But Can I Trust You? Embracing Different Perspectives (Voices)
You are here
Embracing Different Perspectives in an Early Childhood Classroom. Introduction to "But Can I Trust You? Embracing Different Perspectives" | N. Amanda Branscombe, Voices Executive Editor
Trust is a multifaceted, socially risky construct (Krueger & Meyer-Lindenberg 2019) that not only underlies the success of our business and economic structures but is also a pillar on which close relationships and social networks are built.
—Dominic S. Fareri
The foundation for trust and perspective taking is often attributed to adult relationships. However, its basis is in children’s play and interactions. When the children in Teresa Draguicevich’s kindergarten–first grade class invited her to guide their exploration of trust, she knew this was serious business—both for them and for herself. As she wrote when submitting her article to Voices of Practitioners,
I believe this topic (building trust and perspective taking) is extremely relevant to current events in this country and the world for several reasons. First, as educators, we are preparing our students for a world simultaneously struggling to trust diversity of thought while beginning to acknowledge its innovative benefits in the workplace. Yet today’s landscape indicates we are far from establishing the social justice necessary for reaping the benefits of innovation that come from diverse perspectives coming together. Also, as educators, we are working with increasingly diverse populations and are expected to create environments that allow all students to access the deeper learning associated with project-based, collaborative group work. We can empower our youngest learners to bridge their differences and collaborate, leading to lasting and vital change.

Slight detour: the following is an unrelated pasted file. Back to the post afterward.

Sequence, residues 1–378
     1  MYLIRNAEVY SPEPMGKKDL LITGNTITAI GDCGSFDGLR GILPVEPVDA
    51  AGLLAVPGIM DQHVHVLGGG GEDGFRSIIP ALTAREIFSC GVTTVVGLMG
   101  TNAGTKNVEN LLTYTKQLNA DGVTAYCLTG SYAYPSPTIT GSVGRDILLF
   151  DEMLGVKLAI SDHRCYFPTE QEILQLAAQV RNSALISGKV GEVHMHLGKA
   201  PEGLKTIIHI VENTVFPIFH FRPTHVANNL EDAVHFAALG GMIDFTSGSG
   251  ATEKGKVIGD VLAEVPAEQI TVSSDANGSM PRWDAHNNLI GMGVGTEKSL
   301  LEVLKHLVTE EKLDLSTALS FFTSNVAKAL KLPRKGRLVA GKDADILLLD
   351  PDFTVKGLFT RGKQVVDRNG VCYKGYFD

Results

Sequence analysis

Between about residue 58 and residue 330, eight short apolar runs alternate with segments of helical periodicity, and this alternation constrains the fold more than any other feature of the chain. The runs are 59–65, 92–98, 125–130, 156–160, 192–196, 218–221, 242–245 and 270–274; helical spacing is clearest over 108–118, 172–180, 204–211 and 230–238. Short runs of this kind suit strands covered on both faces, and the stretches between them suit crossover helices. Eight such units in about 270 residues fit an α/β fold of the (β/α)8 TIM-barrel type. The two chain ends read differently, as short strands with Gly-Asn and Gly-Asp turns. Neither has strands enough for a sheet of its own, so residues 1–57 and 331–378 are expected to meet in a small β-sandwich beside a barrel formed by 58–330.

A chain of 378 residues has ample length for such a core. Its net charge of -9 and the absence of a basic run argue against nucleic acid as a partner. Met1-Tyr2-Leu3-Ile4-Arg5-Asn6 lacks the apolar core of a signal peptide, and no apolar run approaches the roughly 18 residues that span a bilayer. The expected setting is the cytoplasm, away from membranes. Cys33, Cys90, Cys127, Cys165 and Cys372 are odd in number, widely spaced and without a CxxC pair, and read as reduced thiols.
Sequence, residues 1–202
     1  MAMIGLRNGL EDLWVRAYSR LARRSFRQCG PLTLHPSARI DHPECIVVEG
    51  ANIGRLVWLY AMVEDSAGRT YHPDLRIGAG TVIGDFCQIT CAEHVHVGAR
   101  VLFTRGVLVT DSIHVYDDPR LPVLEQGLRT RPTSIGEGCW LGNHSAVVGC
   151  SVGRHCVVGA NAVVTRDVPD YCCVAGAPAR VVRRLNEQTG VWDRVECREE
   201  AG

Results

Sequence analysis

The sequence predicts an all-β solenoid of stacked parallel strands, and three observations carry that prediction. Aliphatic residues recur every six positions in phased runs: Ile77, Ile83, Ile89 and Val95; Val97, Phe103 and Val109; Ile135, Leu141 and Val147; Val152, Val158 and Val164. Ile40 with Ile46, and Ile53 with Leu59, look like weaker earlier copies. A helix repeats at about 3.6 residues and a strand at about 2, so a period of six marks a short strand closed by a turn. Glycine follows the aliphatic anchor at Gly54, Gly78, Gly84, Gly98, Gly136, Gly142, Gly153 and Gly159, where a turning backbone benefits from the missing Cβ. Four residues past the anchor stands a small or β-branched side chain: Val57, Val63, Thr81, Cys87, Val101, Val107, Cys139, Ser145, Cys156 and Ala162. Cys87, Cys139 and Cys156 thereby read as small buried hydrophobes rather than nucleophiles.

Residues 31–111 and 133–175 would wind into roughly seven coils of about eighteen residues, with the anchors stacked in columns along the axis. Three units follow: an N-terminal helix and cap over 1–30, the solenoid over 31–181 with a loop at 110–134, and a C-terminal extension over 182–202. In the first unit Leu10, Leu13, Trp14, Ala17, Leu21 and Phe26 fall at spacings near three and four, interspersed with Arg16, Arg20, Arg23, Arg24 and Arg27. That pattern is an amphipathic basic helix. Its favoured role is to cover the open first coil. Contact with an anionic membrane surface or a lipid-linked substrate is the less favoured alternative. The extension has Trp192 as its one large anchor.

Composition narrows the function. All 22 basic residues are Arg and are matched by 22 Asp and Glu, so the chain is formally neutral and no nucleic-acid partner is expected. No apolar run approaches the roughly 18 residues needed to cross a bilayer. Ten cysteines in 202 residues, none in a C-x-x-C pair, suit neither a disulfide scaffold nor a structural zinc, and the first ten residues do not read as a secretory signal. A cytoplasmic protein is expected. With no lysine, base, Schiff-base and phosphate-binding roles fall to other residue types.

Draguicevich’s investigation of trust and perspective taking began with a debate between two children that quickly spilled over to the entire class: Which of their favorite superheroes—Batman or Optimus Prime—was real? How could they trust each other if they did not agree?
Because of her interest in teacher research, Draguicevich decided to use it as her framework for guiding the children. She spent half a year measuring their trust, talking to them about trust and perspectives, designing activities to create a trusting classroom community, then evaluating, measuring, and refining her approaches. She did this research in her role as classroom teacher—walking hand-in-hand and side-by-side with her children—as they each learned how to value different beliefs and perspectives.
Draguicevich provides readers with a summary of her six-month inquiry in this article. She outlines the tools she used for research and observation as well as four approaches she employed to foster the children’s trust and perspective taking. She shares how the children’s initial question about the reality of superheroes spurred her to revisit her classroom practices to ensure that she built trust and respect for differing points of view.
Not only did Draguicevich engage in a sustained inquiry with her students, she also engaged in ongoing analyses of the data she generated so she could make on-the-spot modifications based on her information. This article serves as an example of her persistence in meeting the needs and advancing the knowledge of her students. It also shows how she used teacher research to investigate her choices for activities so that she could follow children’s growth in understanding and demonstrating trust and perspective taking.
Even though her article is published, like most teacher researchers, her questioning and reflections continue. The current inquiry that is an outgrowth of the children’s questions and her subsequent research has now spurred her to turn inward and ask: “How much do I really trust peers whose views differ from mine?”
About the Author
N. Amanda Branscombe, EdD, is an associate professor at Athens State University in Athens, Alabama. She has served as an executive and developmental editor of Voices of Practitioners for many years. As an early childhood teacher educator, she teaches undergraduate courses in play and literacy. firstname.lastname@example.org